America’s Water Infrastructure
by Hot Weather
The record-breaking heat wave across the Midwest in 2012 cut America’s food crops and raised prices. All the while grabbing headlines, too.
The situation reminded us of the Soviet “crop failures” that went on for decades before most came to realize that the USSR’s central planners were far more to blame than the weather or other factors!
Even now, water shortages to crops are being written off as the consequence of that super-hot summer. But you as an investor can and should see more!
Mother Nature is exposing America’s rickety water infrastructure system – now failing under the strain of decades of non-investment. Excessive green regulations, overbearing federal policies, rampant lawsuits, and many other government-created disincentives are partly responsible for the failure to invest in long-term projects.
Analysts see pain for consumers in coming months and profit opportunity for savvy investors. A recent report from the National Climatic Data Center states the U.S. is in the middle of the worst drought since 1956.
The U.S. Drought Monitor says 80% of the country is in drought or abnormally dry. This is the sixth-highest percentage on record since 1895;
T-Storm Weather says July may rank as the third driest and hottest in 118 years.
Large swaths of the Midwest’s crops were already weakened, shrivelled, or dead. Sporadic rains have not been enough. The near-term forecast is more heat in the 90 to 100 degree range with low humidity.
Food Prices Spiked As Predicted
In response to the current drought and mid-term weather outlook, futures markets for soybean, wheat, and corn prices spiked up. Ag experts expect yields much lower than forecasted earlier in the season.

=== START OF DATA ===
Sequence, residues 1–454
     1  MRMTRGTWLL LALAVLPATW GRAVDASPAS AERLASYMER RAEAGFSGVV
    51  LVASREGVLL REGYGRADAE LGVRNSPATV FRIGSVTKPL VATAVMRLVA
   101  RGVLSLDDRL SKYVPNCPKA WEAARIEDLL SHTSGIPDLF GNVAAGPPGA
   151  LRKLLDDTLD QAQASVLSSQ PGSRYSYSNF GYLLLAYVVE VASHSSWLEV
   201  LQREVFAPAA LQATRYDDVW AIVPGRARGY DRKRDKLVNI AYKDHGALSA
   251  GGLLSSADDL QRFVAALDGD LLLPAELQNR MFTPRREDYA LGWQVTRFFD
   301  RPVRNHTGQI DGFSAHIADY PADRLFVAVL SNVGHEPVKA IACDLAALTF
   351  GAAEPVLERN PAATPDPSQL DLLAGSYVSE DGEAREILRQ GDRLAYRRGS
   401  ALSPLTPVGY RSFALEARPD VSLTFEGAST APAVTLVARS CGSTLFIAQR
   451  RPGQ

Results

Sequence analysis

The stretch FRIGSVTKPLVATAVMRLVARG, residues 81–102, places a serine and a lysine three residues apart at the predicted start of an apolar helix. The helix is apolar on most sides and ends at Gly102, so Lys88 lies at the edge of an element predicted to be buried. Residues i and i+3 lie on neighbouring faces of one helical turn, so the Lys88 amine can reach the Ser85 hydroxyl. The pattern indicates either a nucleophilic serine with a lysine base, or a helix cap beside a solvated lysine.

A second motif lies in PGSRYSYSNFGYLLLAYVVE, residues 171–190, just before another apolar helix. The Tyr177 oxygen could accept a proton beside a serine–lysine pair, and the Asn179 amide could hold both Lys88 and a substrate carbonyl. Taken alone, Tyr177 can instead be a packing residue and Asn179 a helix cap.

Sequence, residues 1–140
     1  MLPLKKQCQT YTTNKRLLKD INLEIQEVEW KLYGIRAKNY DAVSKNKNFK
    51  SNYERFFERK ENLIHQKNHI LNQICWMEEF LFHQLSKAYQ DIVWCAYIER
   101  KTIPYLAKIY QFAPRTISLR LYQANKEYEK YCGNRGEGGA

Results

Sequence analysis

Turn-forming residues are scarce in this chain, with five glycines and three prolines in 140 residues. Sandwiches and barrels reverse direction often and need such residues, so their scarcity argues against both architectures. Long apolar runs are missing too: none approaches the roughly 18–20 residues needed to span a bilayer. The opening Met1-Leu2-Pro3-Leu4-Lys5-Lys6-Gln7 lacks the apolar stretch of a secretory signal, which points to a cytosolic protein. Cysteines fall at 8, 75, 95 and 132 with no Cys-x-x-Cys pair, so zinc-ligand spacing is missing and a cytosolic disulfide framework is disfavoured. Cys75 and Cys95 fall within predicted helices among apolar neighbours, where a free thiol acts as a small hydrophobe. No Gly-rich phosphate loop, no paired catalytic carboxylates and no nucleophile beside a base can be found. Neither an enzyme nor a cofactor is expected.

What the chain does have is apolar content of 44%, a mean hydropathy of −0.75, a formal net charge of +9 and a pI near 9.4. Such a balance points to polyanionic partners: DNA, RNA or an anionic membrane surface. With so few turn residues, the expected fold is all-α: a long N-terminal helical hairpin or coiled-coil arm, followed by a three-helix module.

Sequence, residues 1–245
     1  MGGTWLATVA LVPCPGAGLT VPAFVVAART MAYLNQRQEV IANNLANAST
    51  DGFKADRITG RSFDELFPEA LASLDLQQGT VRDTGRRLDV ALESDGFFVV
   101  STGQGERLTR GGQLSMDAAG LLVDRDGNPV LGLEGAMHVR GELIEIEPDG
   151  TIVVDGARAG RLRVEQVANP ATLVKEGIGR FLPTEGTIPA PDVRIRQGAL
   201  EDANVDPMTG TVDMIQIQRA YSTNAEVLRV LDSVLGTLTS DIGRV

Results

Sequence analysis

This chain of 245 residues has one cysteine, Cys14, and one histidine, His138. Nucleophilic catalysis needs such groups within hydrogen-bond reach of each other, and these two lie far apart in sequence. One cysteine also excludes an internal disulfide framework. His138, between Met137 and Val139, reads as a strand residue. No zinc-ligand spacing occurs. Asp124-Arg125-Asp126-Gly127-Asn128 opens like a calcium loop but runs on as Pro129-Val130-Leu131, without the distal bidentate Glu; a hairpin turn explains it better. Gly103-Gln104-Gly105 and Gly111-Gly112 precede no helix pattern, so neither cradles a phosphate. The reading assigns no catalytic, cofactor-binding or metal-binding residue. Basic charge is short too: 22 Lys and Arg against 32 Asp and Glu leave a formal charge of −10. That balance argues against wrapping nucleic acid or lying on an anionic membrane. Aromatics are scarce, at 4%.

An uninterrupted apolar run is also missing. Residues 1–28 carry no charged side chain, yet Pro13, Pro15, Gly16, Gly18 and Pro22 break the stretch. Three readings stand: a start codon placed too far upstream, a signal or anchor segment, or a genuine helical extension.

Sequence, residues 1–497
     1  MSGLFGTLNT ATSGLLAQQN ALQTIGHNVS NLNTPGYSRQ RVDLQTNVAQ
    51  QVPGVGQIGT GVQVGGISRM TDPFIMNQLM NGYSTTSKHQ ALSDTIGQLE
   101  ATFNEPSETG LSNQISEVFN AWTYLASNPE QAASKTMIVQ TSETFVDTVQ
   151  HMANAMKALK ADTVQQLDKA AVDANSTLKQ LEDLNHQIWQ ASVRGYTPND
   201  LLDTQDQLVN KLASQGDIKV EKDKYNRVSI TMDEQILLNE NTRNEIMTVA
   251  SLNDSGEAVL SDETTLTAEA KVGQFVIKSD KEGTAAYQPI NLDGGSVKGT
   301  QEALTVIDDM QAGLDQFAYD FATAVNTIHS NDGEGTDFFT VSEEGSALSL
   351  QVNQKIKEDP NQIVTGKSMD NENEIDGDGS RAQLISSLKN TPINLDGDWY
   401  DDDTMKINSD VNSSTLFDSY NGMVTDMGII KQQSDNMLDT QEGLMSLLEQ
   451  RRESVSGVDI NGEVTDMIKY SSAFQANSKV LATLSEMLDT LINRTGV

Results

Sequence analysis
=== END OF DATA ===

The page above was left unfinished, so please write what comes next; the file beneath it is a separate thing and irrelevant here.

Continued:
In a Bloomberg report, Advantage Ag Strategies Ltd. president Ron Mortensen said, “The warmer temperatures will increase yield losses for corn and raise the risks for soybeans… Soil moisture is empty, and you can see the crops declining daily. Crops will get smaller without a dramatic increase in rain in the next two weeks.”
On July 16, 2012:
Corn futures rose to a 10-month high, jumping 4.4% a bushel;
Soybeans rallied to the highest price since July 2008;
Soybean-meal futures also climbed to a record;
Wheat futures for September delivery recently surged 4.3%.
Farmers Still Losing Money Because
Food Prices Are Still Too Low
Droughts don’t last forever; we may get lucky and catch a break in the weather. Regardless, underlying long-term structural issues continue pushing world food prices steadily higher. One revealing insight: even with higher trading prices, farmers’ profits are razor thin and many are losing money. Food crops are often priced below the cost of production.
Australian agronomist said in a CNBC report, “From growers I know in the U.S., U.K., and particularly Australia and Canada, there is no one making anything out of grain. Beef, dairy, fruit, and vegetables are much the same.”
Hickey, himself ex-farmer, says Australian farmers’ break-even wheat price for 2011 was $180 a ton, but were paid between $130 and $140 a ton. “This food production crisis is coming to a head. Low-priced food cannot continue.”